Beginning with a nice, long tracking shot with the camera behind Ryan Gosling's shoulder, director Cianfrance seems to be saying, "I'm making a bold and ambitious film - come along for the ride".
He's safely in Blue Valentine country for the first section, with his muse Gosling playing a similarly non-achieving anti-hero trying to make a go of a seemingly doomed relationship. This time around he's toned up, has a body full of tats and his romantic interest is Eva Mendes.
Gosling does a variation on his Drive character, with two less wheels.
Soon after the characters are set up, the narrative goes into crime mode. An evocative score has kicked in, there's tension, drama and the scene is set for all sorts of possibilities. You feel like you're in good hands.
With the introduction of Bradley Cooper's character, the story turns into more of a examination of police corruption and themes of honour, guilt and morality are examined on various levels. The film takes a dip in intensity, but it's still intriguing.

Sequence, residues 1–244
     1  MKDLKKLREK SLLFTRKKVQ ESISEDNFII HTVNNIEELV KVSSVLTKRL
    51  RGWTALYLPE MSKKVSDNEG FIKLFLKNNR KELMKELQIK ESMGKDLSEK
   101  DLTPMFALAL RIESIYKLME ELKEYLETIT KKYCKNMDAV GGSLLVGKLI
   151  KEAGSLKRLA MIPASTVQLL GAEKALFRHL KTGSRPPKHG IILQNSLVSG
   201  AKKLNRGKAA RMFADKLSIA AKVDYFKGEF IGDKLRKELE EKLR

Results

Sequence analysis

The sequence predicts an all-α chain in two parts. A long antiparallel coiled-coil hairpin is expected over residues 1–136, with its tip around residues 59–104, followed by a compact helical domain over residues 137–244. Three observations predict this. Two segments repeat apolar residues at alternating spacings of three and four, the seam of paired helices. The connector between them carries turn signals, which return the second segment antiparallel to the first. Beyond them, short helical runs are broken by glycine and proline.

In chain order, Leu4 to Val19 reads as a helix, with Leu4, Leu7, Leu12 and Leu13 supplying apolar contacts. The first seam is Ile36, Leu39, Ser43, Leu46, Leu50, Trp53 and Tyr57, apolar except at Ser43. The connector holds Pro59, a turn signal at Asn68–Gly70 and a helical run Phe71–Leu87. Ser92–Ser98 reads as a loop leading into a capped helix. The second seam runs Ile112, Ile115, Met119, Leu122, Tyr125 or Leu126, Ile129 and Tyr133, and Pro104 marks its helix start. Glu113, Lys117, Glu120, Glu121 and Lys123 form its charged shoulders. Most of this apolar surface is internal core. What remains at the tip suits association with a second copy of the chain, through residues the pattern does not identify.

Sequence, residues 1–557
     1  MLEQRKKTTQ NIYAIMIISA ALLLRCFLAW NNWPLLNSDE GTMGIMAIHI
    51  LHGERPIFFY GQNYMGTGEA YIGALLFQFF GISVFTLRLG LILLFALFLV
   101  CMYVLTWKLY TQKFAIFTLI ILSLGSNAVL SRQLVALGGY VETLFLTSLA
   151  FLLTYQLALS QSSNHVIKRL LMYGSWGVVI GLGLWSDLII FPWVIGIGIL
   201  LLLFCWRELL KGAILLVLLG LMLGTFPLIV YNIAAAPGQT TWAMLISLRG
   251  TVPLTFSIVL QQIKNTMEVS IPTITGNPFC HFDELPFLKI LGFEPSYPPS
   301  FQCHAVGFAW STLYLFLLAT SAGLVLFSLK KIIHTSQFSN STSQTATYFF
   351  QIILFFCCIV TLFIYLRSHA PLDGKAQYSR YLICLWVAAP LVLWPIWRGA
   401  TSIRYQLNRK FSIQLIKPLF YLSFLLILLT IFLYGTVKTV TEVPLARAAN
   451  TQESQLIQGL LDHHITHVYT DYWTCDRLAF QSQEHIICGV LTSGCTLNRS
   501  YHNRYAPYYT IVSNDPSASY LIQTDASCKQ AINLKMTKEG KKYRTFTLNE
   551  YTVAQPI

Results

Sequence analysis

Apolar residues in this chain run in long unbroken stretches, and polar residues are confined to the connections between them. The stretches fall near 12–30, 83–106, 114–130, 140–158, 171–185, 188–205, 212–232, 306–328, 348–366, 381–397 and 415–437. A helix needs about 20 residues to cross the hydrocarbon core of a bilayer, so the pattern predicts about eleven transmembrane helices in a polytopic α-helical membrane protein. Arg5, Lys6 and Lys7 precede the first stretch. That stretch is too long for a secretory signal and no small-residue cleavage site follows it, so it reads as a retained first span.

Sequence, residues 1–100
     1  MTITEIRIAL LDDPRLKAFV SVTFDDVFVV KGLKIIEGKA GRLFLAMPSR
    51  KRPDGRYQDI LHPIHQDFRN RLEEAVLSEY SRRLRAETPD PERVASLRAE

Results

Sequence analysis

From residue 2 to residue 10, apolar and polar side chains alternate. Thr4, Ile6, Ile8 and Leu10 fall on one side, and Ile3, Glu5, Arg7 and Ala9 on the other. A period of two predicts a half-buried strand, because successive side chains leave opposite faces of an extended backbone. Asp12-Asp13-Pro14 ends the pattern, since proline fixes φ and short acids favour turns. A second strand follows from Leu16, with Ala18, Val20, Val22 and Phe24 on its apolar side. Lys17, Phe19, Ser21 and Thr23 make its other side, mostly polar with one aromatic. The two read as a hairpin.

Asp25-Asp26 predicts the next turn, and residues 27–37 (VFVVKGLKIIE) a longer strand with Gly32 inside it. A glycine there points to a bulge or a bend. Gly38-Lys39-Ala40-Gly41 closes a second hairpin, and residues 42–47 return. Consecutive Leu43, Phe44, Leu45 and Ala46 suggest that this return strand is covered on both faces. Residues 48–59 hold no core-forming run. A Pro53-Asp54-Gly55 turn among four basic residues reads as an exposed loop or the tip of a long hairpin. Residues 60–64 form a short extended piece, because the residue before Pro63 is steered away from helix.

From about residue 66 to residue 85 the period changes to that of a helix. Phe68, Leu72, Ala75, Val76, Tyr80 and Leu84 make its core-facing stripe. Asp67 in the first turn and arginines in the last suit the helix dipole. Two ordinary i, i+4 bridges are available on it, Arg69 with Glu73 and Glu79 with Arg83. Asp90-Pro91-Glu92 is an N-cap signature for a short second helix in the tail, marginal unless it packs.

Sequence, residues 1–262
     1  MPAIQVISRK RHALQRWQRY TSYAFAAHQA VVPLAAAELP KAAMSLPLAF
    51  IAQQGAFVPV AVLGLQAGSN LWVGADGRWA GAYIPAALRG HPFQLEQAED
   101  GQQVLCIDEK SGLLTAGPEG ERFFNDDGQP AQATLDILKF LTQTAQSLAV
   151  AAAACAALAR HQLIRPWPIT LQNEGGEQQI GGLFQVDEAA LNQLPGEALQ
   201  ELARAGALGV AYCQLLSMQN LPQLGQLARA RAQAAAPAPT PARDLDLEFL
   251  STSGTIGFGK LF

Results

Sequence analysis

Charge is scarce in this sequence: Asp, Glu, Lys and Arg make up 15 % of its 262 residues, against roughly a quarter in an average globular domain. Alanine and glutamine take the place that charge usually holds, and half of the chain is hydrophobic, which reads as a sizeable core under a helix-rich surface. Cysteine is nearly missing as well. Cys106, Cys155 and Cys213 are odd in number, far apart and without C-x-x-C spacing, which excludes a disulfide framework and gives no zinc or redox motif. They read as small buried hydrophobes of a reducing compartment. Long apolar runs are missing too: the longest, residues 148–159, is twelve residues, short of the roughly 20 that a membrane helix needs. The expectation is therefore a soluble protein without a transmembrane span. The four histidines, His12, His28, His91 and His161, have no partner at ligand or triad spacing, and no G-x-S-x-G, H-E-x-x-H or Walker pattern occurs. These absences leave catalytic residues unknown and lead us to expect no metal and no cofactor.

At this point a satisfying conclusion could've arrived and we'd all go home happily, mulling over the dilemmas the characters had faced and generally admiring a film well made. Sadly, this is the era of worthy two and a half hour films, and Cianfrance has a whole slab of a coda he wants to tell us - most of which feels highly contrived.
The intensity level drops as the film's focus shifts to Bradley Cooper
This final section makes the film feel like a bloated adaptation of a novel in need of major pruning, but it's actually an original screenplay.
So while Pines has plenty of merit, including a zinger of a curve-ball a third of the way through, at the film's end you're asking the wrong kinds of questions, like why is Bradley Cooper's son played by an actor who could pass for his brother? Why does Ben Mendelsohn look younger 15 years later and why has he kept Ryan Gosling's sunglasses for all that time?
We will never know the answers to these questions. We can only hope next time Cianfrance will stop trying to be such a clever pants and go back to the raw and honest storytelling that he's so good at.